South Africa mining strike to spread to at least 15 firms -Minerals Council
JOHANNESBURG (Reuters) - At least 15 mining firms in South Africa have received notices of strikes to be held next week in support of colleagues at Sibanye-Stillwater who downed tools over wages and job cuts, Minerals Council South Africa said on Friday.
The Association of Mineworkers and Construction Union (AMCU) has been on strike at Sibanye's bullion operations since mid-November and plans to extend the strike to its platinum mines as well as all other mines where the AMCU has members.
Firms to be affected include AngloGold Ashanti, Harmony Gold, Anglo American Platinum and Lonmin, whose shares fell on Thursday after it said it had received a strike notice.
Sibanye-Stillwater last week said it could cut nearly 6,000 jobs at its gold mining operations, where AMCU has been on strike since mid-November over a wage dispute.
Job cuts are politically sensitive in South Africa, where the jobless rate is more than 27 percent.
The council, which represents the mining firms, said it was "deeply concerned" about the potential consequences of the strike particularly in the gold and platinum sectors.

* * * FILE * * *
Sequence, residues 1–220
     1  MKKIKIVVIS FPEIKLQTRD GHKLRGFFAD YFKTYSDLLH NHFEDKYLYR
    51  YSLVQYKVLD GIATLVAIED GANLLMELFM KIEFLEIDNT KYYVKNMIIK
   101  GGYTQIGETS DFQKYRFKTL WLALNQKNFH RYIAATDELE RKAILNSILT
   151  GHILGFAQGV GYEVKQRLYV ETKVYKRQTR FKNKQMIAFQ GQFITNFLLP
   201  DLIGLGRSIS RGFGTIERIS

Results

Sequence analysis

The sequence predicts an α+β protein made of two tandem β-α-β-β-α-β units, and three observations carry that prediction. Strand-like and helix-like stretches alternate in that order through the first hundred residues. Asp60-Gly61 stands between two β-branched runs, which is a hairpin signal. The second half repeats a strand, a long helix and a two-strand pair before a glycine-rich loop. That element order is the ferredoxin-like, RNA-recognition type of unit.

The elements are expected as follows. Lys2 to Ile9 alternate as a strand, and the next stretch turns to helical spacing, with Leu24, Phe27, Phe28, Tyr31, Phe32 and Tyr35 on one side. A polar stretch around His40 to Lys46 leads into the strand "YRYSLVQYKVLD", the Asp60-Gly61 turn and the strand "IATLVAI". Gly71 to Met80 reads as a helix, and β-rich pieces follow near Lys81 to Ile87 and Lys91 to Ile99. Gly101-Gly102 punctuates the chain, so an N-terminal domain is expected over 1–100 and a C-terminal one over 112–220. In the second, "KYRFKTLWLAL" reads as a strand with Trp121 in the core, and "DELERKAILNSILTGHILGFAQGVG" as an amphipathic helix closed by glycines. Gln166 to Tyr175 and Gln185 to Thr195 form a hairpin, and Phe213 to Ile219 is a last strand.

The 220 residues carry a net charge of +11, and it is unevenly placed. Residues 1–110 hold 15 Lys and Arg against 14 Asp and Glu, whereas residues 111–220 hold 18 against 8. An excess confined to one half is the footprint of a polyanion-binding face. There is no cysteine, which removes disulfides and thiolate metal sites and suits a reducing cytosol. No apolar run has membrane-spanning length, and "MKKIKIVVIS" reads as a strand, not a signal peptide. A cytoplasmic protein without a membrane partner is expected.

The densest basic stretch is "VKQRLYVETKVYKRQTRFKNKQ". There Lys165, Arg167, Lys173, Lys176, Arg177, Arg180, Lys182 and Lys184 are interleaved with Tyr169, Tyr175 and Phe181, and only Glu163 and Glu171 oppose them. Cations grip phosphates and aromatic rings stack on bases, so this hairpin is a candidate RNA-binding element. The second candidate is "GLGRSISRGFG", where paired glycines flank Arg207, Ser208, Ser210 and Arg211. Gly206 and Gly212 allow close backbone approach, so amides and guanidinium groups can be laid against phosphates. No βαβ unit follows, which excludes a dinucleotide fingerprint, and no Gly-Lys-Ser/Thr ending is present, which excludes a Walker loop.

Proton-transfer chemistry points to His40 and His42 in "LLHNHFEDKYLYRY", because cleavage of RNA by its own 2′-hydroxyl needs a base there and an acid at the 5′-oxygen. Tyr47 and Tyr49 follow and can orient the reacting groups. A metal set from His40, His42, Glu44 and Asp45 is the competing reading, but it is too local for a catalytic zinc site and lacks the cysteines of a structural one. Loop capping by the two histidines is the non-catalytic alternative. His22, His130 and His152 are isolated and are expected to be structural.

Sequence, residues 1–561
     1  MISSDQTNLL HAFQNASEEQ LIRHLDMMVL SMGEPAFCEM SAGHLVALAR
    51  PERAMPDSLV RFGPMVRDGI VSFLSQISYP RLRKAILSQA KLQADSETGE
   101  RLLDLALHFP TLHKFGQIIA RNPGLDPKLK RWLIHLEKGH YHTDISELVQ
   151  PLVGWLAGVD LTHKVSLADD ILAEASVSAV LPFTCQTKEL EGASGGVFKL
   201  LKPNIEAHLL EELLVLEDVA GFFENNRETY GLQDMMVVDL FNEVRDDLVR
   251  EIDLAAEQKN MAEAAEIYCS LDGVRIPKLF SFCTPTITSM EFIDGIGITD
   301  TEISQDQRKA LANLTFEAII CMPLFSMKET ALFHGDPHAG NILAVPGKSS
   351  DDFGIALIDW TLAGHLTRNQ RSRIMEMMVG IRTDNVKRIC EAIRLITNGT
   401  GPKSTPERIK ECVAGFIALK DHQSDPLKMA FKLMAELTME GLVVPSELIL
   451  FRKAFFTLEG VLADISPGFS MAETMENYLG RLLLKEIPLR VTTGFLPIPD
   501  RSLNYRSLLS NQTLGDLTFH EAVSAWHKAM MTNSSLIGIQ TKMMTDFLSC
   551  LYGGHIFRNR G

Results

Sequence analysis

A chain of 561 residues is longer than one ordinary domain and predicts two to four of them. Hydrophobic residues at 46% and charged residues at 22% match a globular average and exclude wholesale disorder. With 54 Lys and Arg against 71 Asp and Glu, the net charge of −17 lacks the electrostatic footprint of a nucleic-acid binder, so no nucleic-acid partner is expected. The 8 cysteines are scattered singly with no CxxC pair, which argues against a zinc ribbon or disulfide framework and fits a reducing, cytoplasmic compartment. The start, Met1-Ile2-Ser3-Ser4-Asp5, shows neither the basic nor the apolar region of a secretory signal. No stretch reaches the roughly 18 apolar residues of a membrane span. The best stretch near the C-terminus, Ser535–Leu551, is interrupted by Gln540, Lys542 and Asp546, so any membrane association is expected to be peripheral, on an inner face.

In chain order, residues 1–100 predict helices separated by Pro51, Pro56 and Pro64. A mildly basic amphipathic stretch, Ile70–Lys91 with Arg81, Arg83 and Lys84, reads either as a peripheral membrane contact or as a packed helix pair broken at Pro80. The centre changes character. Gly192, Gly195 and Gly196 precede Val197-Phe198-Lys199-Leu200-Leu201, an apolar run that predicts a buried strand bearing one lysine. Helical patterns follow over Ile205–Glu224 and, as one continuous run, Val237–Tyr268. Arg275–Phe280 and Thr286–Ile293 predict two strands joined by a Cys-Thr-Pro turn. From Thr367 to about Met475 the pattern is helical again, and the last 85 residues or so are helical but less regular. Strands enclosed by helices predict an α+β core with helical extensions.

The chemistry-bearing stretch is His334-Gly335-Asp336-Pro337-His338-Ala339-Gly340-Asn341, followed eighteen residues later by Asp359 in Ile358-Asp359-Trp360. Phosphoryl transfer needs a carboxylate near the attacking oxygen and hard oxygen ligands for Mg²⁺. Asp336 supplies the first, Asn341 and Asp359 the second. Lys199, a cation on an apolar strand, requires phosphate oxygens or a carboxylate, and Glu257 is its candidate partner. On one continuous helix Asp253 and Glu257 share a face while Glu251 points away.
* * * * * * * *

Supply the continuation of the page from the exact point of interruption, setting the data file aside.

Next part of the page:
"It is unfathomable that AMCU would willingly call for secondary strikes in an industry that is already in jeopardy," Minerals Council Chief Executive Roger Baxter said in a statement.
"Employees and their families, and indeed the country as a whole, stand to lose so much should the secondary strikes occur."
The strikes add to challenges facing President Cyril Ramaphosa, whose efforts to revive an anaemic economy ahead of national elections in May have been complicated by a financial crisis at state power utility Eskom.
South Africa is home to the world's biggest platinum group metals deposits and accounts for just over 90 percent of global production.
The mining firms were considering the notices and vowed to "everything in their power" to prevent a strike, including legal action, the council said in the statement.
(Reporting by Tanisha Heiberg; editing by Jason Neely and Emelia Sithole-Matarise)
First Published: 2019-02-22 13:42:03
Updated 2019-02-22 14:06:16
© 2019 Thomson Reuters. All rights reserved. Reuters content is the intellectual property of Thomson Reuters or its third party content providers. Any copying, republication or redistribution of Reuters content, including by framing or similar means, is expressly prohibited without the prior written consent of Thomson Reuters. Thomson Reuters shall not be liable for any errors or delays in content, or for any actions taken in reliance thereon. "Reuters" and the Reuters Logo are trademarks of Thomson Reuters and its affiliated companies.